I feel almost like I should grade “Eclipse”, the third in the “Twilight” series, on a curve.

While viewing the movie, I was reminded of my thoughts regarding books the series is based off of. I read the first one. I didn’t particularly like it, and I didn’t have the urge to read more. But all in all I found the novel thoroughly inoffensive. Good to see young girls (and their mothers) reading anything, I thought. It’s not progressive in its views or even terribly well-written, but why should boys get all the fanboy fun? Bring on the hot vampire action!

Directed by: David Slade
Written by: Melissa Rosenberg (screenplay)
Starring: Robert Pattinson, Kristen Stewart, Taylor Lautner
Rated: PG-13
Seen at: Regal Fenway Cinemas

I feel the same about “Eclipse.” The third installment of the vampire sensation that’s sweeping the nation is a fun diversion, and even sometimes enjoyable for the non-Twi-hard viewer. It’s got humor, a healthy dose of self-awareness and a surprising poignancy.

The story takes place during the last few months of heroine Bella’s (Kristen Stewart) time at Forks High School. She’s already made her icy soulless beloved Edward (Robert Pattinson) promise to change her into a vampire once she’s graduated, something he’s endlessly trying to persuade her not to do. Jacob (Taylor Lautner), her Native American/Werewolf friend is trying to convince her that she belongs with him and his pectoral muscles. Meanwhile, the vamp Victoria (Bryce Dallas Howard) is busy raising an army of bloodsuckers in Seattle to make war on the Cullens, with the ambivalent aid of the Volturi (or, as I like to think of them, the Vampire Vatican.)

One of my colleagues made the comment that this might be the Twilight episode that boyfriends of Twi-hards might be able to enjoy, or at least tolerate. I’m not totally sure I agree, but the action sequences are riveting, with expert use of hand held cinematography and smooth CGI. I could have used more time dedicated to the climactic fight- you couldn’t shave off a few minutes of Edward and Bella discussing yet again how dangerous it is to become a vampire?

Writer Melissa Rosenberg, God bless her, does her very best with translating Stephenie Meyer’s eggplant purple prose onto the screen, and managed to inject some much-needed humor into the mix, much of it extremely self-aware. “Don’t you own any shirts?” growls Edward at the perennially half-naked Jacob. For the most part, though the dialogue is pretty painful, with Pattinson repeating “I won’t let anything happen to you, Bella.” or “It’s too dangerous, I can’t let anything happen to you, Bella.” or “Bella’s in danger?!” over and over with varying degrees of urgency.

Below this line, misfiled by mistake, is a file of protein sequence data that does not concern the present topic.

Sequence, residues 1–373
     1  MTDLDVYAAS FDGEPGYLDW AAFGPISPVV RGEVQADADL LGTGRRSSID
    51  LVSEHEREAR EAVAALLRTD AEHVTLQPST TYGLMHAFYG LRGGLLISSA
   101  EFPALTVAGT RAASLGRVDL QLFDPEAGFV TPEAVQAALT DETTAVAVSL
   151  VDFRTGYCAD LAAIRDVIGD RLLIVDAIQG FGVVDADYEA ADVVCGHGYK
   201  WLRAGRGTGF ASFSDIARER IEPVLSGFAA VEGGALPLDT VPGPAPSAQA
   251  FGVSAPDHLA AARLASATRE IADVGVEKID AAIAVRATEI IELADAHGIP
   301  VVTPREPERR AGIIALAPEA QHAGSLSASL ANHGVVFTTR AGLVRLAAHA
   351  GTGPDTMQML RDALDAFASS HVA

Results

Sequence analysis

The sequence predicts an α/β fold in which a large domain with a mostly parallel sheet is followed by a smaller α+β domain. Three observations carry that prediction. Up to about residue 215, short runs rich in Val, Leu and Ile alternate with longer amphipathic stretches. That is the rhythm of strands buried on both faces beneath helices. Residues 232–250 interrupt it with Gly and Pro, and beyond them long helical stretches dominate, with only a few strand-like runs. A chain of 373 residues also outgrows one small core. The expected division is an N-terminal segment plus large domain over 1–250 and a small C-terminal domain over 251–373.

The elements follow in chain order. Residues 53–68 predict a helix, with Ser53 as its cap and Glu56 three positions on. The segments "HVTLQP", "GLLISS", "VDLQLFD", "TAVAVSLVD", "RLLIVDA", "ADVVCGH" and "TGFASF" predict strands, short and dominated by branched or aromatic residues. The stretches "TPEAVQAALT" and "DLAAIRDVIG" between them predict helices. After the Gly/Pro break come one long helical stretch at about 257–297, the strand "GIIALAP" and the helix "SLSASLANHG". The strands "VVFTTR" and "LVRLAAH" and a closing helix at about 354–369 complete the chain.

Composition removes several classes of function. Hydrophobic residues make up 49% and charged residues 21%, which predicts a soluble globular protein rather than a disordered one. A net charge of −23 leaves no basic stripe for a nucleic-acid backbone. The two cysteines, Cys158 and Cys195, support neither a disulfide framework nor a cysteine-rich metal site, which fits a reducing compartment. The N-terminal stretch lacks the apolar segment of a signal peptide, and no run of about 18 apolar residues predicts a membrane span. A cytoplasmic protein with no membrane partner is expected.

Pattinson, Lautner and Stewart don’t seem to act so much as pose their way through the film provocatively (and in Lautner’s case, shirtlessly). Their performances are less wooden than in “Twilight” and “New Moon,” but I still found myself cringing through a lot of their exchanges. Stewart especially seems incapable of letting any emotion cross her face, assuming that “determined” means she can never crack a smile or display any signs of personality.

There were some profoundly touching moments, however. The scene where Edward tells Bella that he wants to wait to have sex until marriage was incredibly sweet. “I’m from another time,” he says. “If I had met you then, I would have courted you.” Also lovely was a scene where Jacob gets into bed with Bella to keep her warm during a snow storm, while a jealous and resigned Edward watches. I’m an active member of Team Jacob, but dammit if Pattinson didn’t make me feel for Edward’s tortured sparkly soul.

As a feminist, I suppose I’m obligated to comment on the “message” of the movie. But I’m not going to, save for one comment: one of my favorite things about these silly films is that contrary to most mainstream movies the eye candy is decidedly not female. In “Eclipse” Bella’s almost always dressed in sweatshirts, flannel and jeans, her hair hanging in her face. The boys on the other hand are so very pretty, with their chiseled abs, brooding eyebrows and sparkly faces. In a world where the term “male gaze” is shoved down the throats of film students on their first day, the “Twilight” movies are attempting something that might actually be perceived as radical: they make the men the sex object.

So what the hell — it’s not great cinema, just like the books aren’t great literature, but it’s fun, and relatively satisfying. It’s the summer! Let’s crank up the Twi-mania to 11! And those werewolves look awfully uncomfortable in their shirts…

About The Author

Emma Johnson is a Blast Magazine critic whose work has appeared in The Boston Globe

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